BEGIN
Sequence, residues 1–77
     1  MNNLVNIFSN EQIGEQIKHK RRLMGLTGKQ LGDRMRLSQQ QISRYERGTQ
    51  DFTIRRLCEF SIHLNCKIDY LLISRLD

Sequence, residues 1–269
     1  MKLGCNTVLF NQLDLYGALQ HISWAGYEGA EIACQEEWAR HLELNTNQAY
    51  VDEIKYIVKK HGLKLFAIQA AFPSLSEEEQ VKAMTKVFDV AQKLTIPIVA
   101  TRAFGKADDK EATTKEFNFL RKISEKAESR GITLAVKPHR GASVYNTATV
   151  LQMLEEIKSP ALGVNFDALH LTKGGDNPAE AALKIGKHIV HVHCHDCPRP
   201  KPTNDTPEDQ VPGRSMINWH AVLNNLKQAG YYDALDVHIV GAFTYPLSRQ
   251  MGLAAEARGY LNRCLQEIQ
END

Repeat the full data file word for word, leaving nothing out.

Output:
Sequence, residues 1–77
     1  MNNLVNIFSN EQIGEQIKHK RRLMGLTGKQ LGDRMRLSQQ QISRYERGTQ
    51  DFTIRRLCEF SIHLNCKIDY LLISRLD

Sequence, residues 1–269
     1  MKLGCNTVLF NQLDLYGALQ HISWAGYEGA EIACQEEWAR HLELNTNQAY
    51  VDEIKYIVKK HGLKLFAIQA AFPSLSEEEQ VKAMTKVFDV AQKLTIPIVA
   101  TRAFGKADDK EATTKEFNFL RKISEKAESR GITLAVKPHR GASVYNTATV
   151  LQMLEEIKSP ALGVNFDALH LTKGGDNPAE AALKIGKHIV HVHCHDCPRP
   201  KPTNDTPEDQ VPGRSMINWH AVLNNLKQAG YYDALDVHIV GAFTYPLSRQ
   251  MGLAAEARGY LNRCLQEIQ